Picturesque Views on the River Thames: From Its Source in Gloucestershire to the Nore, with Observations on the Public Buildings and Other Works of Art in Its Vicinity, Volume 1
T. and J. Egerton, 1792 - Thames River (England) - 467 pages
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abbey Abbot Abingdon amidst ancient annexed sketch annexed view antiquity appears appellation arches artist beautiful beneath Berkshire Birinus Bisham Abbey bridge building built canal castle chapel church Cirencester Cliefden colouring considerable contiguous Cricklade Culham Dorchester Duke Earl elegant Empress Maud erected excellence expence figure ford formerly Godstow Nunnery Gothic happily happy Harcourt Henry VIII hills Inglesham Isaac Fuller ject Kempsford King Henry landscape late Lechlade likewise lock Long Wittenham Lord mansion meadows ment merit miles monument nature navigation neigh neighbouring noble nunnery objects observation Oxford Oxfordshire side painted park pencil picture picturesque portrait pounds present Queen Radcote Bridge reign of Henry remains render residence rich richly river river Thames scene scenery SECTION shire situation small distance spacious spot stream style taste Thames Head thence tion tower town variegated venerable village William Sheldon Wiltshire winding woods
Page 204 - With tape-ty'd curtains never meant to draw, The George and Garter dangling from that bed Where tawdry yellow strove with dirty red, Great Villiers lies — alas ! how chang'd from him. That life of pleasure, and that soul of whim...
Page 178 - Henry) ; on which the king laid on lustily, not disgracing one of that place, for whom he was mistaken. Well fare thy heart, quoth the abbot ; and here in a cup of sack, I remember the health of his grace your master. I would give an hundred pounds, on the condition I could feed so heartily on beef, as you do.
Page 102 - The Merry Old Song of the All Soult' Mallard. " Griffin, bustard, turkey, capon, Let other hungry mortals gape on ; And on their bones their stomach fall hard, But let All Souls
Page 118 - Some figures monstrous and mis-shap'd appear, Consider'd singly, or beheld too near, Which, but proportion'd to their light, or place, Due distance reconciles to form and grace. A prudent chief not always must display 175 His pow'rs, in equal ranks, and fair array, But with th' occasion and the place comply, Conceal his force, nay seem sometimes to fly.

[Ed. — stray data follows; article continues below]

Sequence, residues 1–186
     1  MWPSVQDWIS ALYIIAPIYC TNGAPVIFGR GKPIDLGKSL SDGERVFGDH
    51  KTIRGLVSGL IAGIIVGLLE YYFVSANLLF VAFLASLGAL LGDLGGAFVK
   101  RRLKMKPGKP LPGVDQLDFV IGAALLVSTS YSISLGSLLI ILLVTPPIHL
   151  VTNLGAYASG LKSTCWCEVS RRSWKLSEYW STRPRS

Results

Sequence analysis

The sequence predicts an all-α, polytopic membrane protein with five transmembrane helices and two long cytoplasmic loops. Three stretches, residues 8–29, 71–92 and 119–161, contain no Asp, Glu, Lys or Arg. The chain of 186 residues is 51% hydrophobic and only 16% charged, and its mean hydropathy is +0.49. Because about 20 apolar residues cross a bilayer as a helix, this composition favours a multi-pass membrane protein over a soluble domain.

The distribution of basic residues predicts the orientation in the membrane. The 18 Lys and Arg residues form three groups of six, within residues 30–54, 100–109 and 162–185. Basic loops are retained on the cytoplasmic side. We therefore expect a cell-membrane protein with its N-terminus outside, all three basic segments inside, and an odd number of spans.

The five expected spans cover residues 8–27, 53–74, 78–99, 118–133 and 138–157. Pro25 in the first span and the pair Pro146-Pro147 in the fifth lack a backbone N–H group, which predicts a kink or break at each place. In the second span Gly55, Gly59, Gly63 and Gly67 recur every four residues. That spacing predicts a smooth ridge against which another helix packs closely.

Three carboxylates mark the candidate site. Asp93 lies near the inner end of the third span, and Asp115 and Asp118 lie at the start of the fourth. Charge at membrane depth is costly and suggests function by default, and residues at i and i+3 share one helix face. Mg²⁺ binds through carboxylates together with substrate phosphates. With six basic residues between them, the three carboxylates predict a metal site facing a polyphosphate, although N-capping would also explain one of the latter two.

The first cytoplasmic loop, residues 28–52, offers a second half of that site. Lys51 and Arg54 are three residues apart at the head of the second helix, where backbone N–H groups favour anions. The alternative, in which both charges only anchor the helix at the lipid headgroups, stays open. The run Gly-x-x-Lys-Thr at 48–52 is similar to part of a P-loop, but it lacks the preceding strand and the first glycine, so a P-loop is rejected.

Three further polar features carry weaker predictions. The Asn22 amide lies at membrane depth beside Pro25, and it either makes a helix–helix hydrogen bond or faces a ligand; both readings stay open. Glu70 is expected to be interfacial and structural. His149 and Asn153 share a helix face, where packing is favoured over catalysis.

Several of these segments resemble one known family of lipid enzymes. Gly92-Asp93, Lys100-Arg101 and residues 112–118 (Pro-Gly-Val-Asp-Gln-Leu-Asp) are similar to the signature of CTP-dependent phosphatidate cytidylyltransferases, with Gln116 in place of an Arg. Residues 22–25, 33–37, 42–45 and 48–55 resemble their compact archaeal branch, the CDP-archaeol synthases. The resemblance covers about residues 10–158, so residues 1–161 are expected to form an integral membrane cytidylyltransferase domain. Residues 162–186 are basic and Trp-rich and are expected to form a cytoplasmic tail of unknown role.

Page 200 - This is owing to you ; for you put it into my head by the question you put to me at Chalfont ; which before I had not thought of.
Page xii - One clear, unchang'd, and univerfal light, Life, force, and beauty muft to all impart, At once the fource, and end, and teft of art. Art from that fund each juft fupply provides, Works without fhow, and without pomp prefides :. 75 In fome fair body thus th' informing foul With fpirits feeds, with vigour fills the whole, Each motion guides, and ev'ry nerve fuftains ; Itfelf unfeen, but in th
Page 183 - Extinct Baronetage.") Would'st thou (Reader) draw to life The perfect copy of a wife, Read on, and then redeem from shame, That lost, that honourable name. This dust was once in spirit a Jael, Rebecca in grace, in heart an Abigail, In works a Dorcas, to the Church a Hannah, And to her spouse Susanna. Prudently simple, providently warie, To the world a Martha, and to Heaven a Marie. In " Wit Restored,
Page 178 - Tower, kept close prisoner, fed for a short time with bread and water. Yet not so empty his body of food as his mind was filled with fears, creating many suspicions to himself, when and how he had incurred the king's displeasure. At last a...